Florida State University celebrates one of the greatest composers of the second half of the 20th century with a three-day symposium and festival featuring musical performances, lectures and special guests.
The Ligeti Symposium and Festival is Oct. 10-12 and brings experts to campus to discuss the work of György Ligeti, whose eerie music can be heard in the films of Stanley Kubrick, including “2001: A Space Odyssey,” “The Shining” and “Eyes Wide Shut.”
It is the 90th anniversary of Ligeti’s birth. “We didn’t want to wait for the 100th,” said Jane Clendinning, a professor of music theory in the College of Music and co-organizer of the Ligeti festival.
All lectures and performances are open to the public, and all events except one are free. The Oct. 11 Florida State University Symphony Orchestra performance at 8 p.m. in the Ruby Diamond Concert Hall is $9, $6 for seniors and non-FSU students and free for FSU students with ID.
Many of the world’s outstanding Ligeti scholars are coming to Florida State for the symposium, Clendinning said. Speakers are traveling from Finland, England, Germany and Israel. Other guest speakers include Ligeti’s son Lukas Ligeti, a renowned composer and musician; Ligeti’s personal secretary, Louise Duchesneau, who will show rare film footage of the late composer; and Ligeti’s biographer Richard Steinitz.
“His is a very original compositional voice,” Clendinning said. Ligeti’s music is quite varied, colored by the different time periods of his long, productive career and the constraints under which he worked, including communist restrictions.
To say Ligeti had an eventful life is an understatement. He was born in Romania in 1923 to a Hungarian Jewish family. He lived in Hungary before becoming an Austrian citizen. Ligeti studied music, but his education was halted when he was sent to a forced labor camp in 1944. His brother was deported to the Mauthausen concentration camp in Upper Austria and his parents were sent to Auschwitz. Ligeti’s mother was the only other survivor of his immediate family. Ligeti also lived through the Hungarian revolution of the late 1950s.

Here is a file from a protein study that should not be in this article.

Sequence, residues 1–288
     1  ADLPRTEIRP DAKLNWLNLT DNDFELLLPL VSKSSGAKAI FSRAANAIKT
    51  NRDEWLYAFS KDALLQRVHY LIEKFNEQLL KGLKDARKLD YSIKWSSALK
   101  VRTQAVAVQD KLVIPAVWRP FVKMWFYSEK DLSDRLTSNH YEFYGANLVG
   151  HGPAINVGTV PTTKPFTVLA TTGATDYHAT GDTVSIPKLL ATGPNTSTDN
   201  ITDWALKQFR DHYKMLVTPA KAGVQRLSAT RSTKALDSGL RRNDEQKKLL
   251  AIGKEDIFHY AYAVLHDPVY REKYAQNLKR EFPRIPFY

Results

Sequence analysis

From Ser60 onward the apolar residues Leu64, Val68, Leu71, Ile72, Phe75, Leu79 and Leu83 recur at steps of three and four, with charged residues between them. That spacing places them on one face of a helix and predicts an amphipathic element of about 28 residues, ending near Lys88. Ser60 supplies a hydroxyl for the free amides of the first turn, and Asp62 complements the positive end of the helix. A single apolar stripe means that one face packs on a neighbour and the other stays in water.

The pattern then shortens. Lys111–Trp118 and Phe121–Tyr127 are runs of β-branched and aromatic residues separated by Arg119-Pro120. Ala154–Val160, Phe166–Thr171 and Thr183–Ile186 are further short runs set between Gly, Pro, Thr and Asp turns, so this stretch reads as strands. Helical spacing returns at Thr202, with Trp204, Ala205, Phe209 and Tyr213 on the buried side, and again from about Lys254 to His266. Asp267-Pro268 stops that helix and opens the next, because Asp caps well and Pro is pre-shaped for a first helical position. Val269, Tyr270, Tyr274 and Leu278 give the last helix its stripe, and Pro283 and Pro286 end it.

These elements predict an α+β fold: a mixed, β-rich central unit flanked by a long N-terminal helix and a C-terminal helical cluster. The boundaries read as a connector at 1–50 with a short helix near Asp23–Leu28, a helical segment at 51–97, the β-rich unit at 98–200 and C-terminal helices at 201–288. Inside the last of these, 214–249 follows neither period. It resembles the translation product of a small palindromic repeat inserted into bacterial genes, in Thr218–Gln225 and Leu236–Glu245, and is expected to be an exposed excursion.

Ligeti died in 2006 in Vienna at age 83.
His list of works includes masterpieces of choral and orchestral music, concertos, exquisite chamber music, keyboard solo works, and “Le Grand Macabre,” a spectacle of an opera, completed in 1977.
Ligeti’s compositional influences span from early contrapuntal music to late 20th-century avant-garde styles, electronic music and minimalism and embrace both Western music and a variety of world music, from Transylvanian folk songs to the hocket of the Aka pygmies of the Congo, from Cuban dance music to Indonesian gamelan.
The festival features College of Music performers playing Ligeti’s “Horn Trio,” “Three Pieces for Two Pianos” and “Piano Etudes,” a cycle of 18 etudes for solo piano that won the prestigious Grawemeyer Award and has achieved solid establishment in the piano repertoire despite its virtuosity and complexity.